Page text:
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* Purdue University Department of Agricultural Economics

March 27, 2007

Survey: 'Big box' retailers sweeter than home to entrepreneurs

WEST LAFAYETTE, Ind. - Having a large retailer located down the street is more likely to motivate an entrepreneur to start a business than if they own their own home, a Purdue University study indicates.

The study, based on surveys with 101 Indiana entrepreneurs between 2004 and 2006, found that the presence of a major retailer in a community had a positive rather than negative impact on entrepreneurial activity. Also, entrepreneurs were less inclined to start a business if they owned a home.

Those surveyed also indicated that having a net worth of $50,000 to $75,000 was a stronger influence on starting a business than having a net worth of $100,000 or more.

The survey provides an interesting look inside the minds of entrepreneurs - especially those who have moved beyond the business idea stage, said Maria Marshall, a Purdue agricultural economist and the study's lead researcher.

"There are a lot of studies about entrepreneurs who have already started businesses," Marshall said. "In this study, we were trying to gather information about those in the 'gestation' stage, where they've reached the point of making a decision about whether or not they follow up on their business idea."

Two areas that factor into those decisions are existing retail businesses and home ownership. While it might seem strange that entrepreneurs would be more likely to establish a business in a community with a major retailer and less likely if they own a home, those tendencies can be explained, Marshall said.

"The reason that having a big box retailer like Wal-Mart, Target, Sam's Club or Lowe's increases an entrepreneur's chances of starting a business could be because there's more of a customer base to start a smaller business," Marshall said. "They also could supply the big box retailer or, once they've opened their business, find the niche markets that the big box retailers can't reach.

"You'd think home ownership would be a positive factor in starting a business, because you'd be able to do some debt financing and those sorts of things. Many small businesses start from credit cards or some other types of loans, and many people don't want to put up their homes to start a business. It's just too risky."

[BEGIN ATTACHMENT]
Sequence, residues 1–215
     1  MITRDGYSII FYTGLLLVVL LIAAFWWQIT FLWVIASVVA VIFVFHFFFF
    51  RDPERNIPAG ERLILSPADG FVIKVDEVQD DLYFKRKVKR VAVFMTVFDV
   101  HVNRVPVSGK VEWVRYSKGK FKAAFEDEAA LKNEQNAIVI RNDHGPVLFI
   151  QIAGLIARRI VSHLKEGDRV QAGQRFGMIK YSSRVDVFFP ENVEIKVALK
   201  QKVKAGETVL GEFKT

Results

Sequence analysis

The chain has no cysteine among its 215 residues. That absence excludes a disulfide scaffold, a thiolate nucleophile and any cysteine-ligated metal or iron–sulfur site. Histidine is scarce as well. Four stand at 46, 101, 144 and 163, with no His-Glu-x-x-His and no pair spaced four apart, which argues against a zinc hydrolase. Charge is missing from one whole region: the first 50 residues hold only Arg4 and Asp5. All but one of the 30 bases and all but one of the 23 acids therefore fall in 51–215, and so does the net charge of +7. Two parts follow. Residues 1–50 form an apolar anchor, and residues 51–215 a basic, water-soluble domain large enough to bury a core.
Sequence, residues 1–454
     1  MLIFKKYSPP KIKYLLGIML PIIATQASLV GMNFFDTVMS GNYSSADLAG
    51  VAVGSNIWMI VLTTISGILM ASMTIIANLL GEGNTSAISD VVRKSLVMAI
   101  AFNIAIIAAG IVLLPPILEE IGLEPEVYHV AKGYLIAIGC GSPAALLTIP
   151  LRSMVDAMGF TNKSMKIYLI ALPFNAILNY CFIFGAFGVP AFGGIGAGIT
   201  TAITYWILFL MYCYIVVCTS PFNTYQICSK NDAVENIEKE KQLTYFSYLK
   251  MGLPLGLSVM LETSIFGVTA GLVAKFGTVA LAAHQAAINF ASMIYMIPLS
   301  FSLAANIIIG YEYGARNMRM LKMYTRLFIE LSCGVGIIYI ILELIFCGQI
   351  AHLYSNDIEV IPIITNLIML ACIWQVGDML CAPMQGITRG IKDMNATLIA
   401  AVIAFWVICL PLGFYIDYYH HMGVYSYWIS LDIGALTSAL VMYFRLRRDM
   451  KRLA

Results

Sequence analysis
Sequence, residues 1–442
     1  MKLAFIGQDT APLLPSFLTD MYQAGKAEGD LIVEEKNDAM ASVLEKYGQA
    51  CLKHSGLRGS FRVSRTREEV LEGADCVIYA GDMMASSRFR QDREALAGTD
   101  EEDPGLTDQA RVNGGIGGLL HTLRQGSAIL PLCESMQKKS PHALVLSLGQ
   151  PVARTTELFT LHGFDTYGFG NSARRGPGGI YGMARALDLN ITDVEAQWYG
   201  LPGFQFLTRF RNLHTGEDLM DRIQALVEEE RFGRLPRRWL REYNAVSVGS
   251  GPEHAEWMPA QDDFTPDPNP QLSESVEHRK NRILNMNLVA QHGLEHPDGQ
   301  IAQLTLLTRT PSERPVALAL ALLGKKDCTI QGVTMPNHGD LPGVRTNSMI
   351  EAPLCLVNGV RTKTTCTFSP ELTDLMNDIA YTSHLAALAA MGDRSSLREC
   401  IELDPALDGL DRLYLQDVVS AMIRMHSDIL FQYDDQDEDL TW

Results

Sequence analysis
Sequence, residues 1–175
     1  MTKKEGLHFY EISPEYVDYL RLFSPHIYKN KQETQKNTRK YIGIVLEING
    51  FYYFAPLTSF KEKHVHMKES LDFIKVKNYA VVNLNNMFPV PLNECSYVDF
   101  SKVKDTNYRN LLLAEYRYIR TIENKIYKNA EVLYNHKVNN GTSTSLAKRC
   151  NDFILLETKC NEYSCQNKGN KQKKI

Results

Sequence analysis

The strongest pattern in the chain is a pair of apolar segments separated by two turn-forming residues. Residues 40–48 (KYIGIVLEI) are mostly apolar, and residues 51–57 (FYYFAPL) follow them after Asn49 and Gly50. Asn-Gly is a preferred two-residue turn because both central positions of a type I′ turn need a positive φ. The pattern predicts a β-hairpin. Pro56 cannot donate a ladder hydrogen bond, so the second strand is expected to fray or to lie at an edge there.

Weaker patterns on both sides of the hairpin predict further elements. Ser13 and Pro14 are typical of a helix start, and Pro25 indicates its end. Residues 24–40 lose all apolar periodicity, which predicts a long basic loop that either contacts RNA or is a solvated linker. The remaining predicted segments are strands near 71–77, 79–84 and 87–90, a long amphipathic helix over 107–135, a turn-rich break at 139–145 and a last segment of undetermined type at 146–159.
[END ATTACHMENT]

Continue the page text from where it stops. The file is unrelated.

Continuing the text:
Survey questions about net worth levels and how they play into business start-up decisions also generated interesting responses, Marshall said. That entrepreneurs would say they are more likely to start a business with a net worth of between $50,000 and $75,000 than with a net worth of $100,000 or more could indicate entrepreneurs are less risk-taking once net worth eclipses six figures, she said.

"It could be that with fewer assets, entrepreneurs might be looking for ways to increase their income level through investment in a small business, versus someone who already has a higher income or net worth," Marshall said.

The Purdue survey also found that:

*  Women and entrepreneurs with graduate degrees were more likely than other demographic groups to take an idea and turn it into a business. "Businesses owned by women in Indiana are increasing more rapidly than businesses owned by men," Marshall said. "Those entrepreneurs with graduate degrees often have more technical experience and expertise, which gives them a solid foundation for starting a business."

*  Entrepreneurs were less likely to start farm-related businesses than service, retail and technology businesses. Marshall said the high capital costs associated with many farm business start-ups could be a factor, or a large percentage of entrepreneurs in the gestation stage of business planning have agricultural backgrounds and wish to avoid farm industries.

*  Attempting to develop a business plan usually motivated entrepreneurs to take the plunge into business ownership. Business plans typically include an industry analysis, marketing goals and pricing structure.

"Learning more about the industry you're going into goes hand-in-hand with writing a business plan," Marshall said. "People sometimes tend to overlook business plans, but I think they are very important."

The Purdue survey was conducted at workshops hosted by the university and the Indiana Small Business Development Centers. Sixty-one percent of respondents were female and 39 percent male. Of those involved in a business start-up, 77 percent were female and 23 percent male.

A report on the Purdue study, "Demystifying Hoosier Entrepreneurs," by Marshall and graduate student Whitney Peake, can be accessed online at http://www.agecon.purdue.edu/extension/pubs/
paer/2007/February/marshall.asp
. Additional information and resources for entrepreneurs are available at the Purdue Extension Means Business Web site, at http://www.ces.purdue.edu/extbusiness/start.htm

Writer: Steve Leer, (765) 494-8415, sleer@purdue.edu

Source: Maria Marshall, (765) 494-4268, mimarsha@purdue.edu

Ag Communications: (765) 494-2722;
Beth Forbes, forbes@purdue.edu
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